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55) A ball is thrown 125 m upward and then falls the same distance back to the Earth. Neglecting air resistance, its total time in the air is about A) 5 s. B) 10 s. C) 15 s. D) more than 20 s. Answer: B Diff: 3 Objective: 2.10 56) A pot falls from a ledge and hits the ground 45 m below. The speed with which it hits the ground is about A) 30 m/s. B) 60 m/s. C) 120 m/s. D) more than 120 m/s. Answer: A Diff: 3 Objective: 2.10 57) If a car increases its velocity from zero to 60 km/h in 10 s, its acceleration is A) 3 km/h ∙ s B) 6 km/h ∙ s C) 10 km/h ∙ s D) 60 km/h ∙ s E) 600 km/h ∙ s Answer: B Diff: 3 Objective: 2.10 58) Consider drops of water that leak from a dripping faucet. As the drops fall, they A) get closer together. B) get farther apart. C) remain at a relatively fixed distance from one another. Answer: B Diff: 3 Objective: 2.10

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59) Disregarding air drag, how fast must you toss a ball straight upward in order for the ball to remain in the air for a total time of 2 s? A) 5 m/s B) 7.5 m/s C) 10 m/s D) 15 m/s E) 20 m/s Answer: C Diff: 3 Objective: 2.10 60) If a baseball being thrown goes from zero to 30 m/s in 0.1 s, what is its average acceleration? A) 3 m/s2 B) 30 m/s2 C) 300 m/s2 D) 3000 m/s2 E) none of the above Answer: C Diff: 3 Objective: 2.10 61) If a rocket initially at rest accelerates at a rate of 50 m/s2 for 1 min, its speed will be A) 50 m/s. B) 500 m/s. C) 3000 m/s. D) 3600 m/s. E) none of the above Answer: C Diff: 3 Objective: 2.10 62) If a rocket accelerates from rest at a rate of 50 m/s2 for 10 s, the distance it will cover during this time is about A) 250 m. B) 500 m. C) 2500 m. D) 5000 m. E) none of the above Answer: C Diff: 3 Objective: 2.10

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63) The vertical height attained by a basketball player who achieves a hang time of a full 1 s is about A) 0.8 m. B) 1 m. C) 1.2 m. D) 2.5 m. E) more than 2.5 m. Answer: C Diff: 3 Objective: IS 2B 64) Drop a rock from a 5-m height and it accelerates at 10 m/s2 and strikes the ground 1 s later. Drop the same rock from a height of 2.5 m and its acceleration of fall is A) about half. B) the same. C) twice as much. Answer: B Diff: 2 Objective: 2.10 65) A ball tossed vertically upward rises, reaches its highest point, and then falls back to its starting point. During this time, the acceleration of the ball is always A) in the direction of motion. B) opposite its velocity. C) directed upward. D) directed downward. Answer: D Diff: 2 Objective: IS 2B 66) While a car travels around a circular track at constant speed, its A) acceleration is zero. B) velocity is zero. C) both A and B D) none of the above Answer: D Diff: 2 Objective: 2.10 67) The hang time of professional basketball players is typically A) less than 1 s. B) 1 s. C) more than 1 s. D) more than 2 s. Answer: A Diff: 2 Objective: IS 2B 15 Copyright Š 2013 Pearson Education, Inc.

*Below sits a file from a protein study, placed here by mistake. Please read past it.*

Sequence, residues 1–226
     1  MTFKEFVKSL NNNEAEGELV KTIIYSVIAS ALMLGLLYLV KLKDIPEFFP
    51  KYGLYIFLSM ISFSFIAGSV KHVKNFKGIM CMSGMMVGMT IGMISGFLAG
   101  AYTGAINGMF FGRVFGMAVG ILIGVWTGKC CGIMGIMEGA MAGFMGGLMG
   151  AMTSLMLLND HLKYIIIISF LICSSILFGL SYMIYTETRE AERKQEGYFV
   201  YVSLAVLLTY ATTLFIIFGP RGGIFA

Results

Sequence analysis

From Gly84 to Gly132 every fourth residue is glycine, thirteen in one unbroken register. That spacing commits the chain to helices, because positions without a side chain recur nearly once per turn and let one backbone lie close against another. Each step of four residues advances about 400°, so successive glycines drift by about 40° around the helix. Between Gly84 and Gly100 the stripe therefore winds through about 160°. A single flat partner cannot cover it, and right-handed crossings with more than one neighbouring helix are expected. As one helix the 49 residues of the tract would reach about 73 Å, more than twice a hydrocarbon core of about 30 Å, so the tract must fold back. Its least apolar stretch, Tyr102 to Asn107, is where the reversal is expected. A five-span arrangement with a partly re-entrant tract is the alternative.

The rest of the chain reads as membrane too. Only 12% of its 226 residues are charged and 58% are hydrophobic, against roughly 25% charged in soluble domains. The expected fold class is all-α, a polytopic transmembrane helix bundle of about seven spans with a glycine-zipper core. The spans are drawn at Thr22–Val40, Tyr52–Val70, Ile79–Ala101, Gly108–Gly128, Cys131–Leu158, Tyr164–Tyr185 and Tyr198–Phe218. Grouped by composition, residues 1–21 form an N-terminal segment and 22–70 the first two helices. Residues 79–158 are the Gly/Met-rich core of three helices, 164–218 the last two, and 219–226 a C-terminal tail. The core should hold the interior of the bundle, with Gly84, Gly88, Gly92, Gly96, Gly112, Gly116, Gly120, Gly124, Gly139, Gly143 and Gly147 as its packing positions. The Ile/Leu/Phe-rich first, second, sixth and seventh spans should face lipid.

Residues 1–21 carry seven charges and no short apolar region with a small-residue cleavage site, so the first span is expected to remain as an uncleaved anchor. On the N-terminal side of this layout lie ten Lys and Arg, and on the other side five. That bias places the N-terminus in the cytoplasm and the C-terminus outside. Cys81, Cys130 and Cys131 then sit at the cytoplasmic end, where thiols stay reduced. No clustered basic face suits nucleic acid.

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68) Suppose a jumper claims a hang time of 2 s. Then that jumper must be able to jump a height of A) 1 m. B) 2 m. C) 3 m. D) 4 m. E) 5 m. Answer: E Diff: 3 Objective: IS 2B 69) When a basketball player jumps to make a shot, once his or her feet are off the ground, the jumper's acceleration A) depends on launch speed. B) varies with body orientation. C) is usually greater for taller players (but not always). D) depends on all the above. E) is g, no more, no less. Answer: E Diff: 2 Objective: IS 2B Essay Questions 1) Clearly distinguish between mass, weight, and volume. Answer: Mass has to do with the quantity of matter in a body. The more matter, or the more the number of its atoms, the more mass. Mass is measured in kilograms. Weight is the gravitational force on the matter in a body. Weight is measured in newtons. In the same locality, mass and weight are directly proportional. That is, twice the mass has twice the weight. Volume is a measure of a body's size—its physical dimensions. Volume is measured in such units as cubic meters. Diff: 1 Objective: 2.3 2) What does it mean to say Σ F = 0 for an object in equilibrium? Answer: It means that if the object is not accelerating, all the forces acting on it combine to be zero. Diff: 1 Objective: 2.5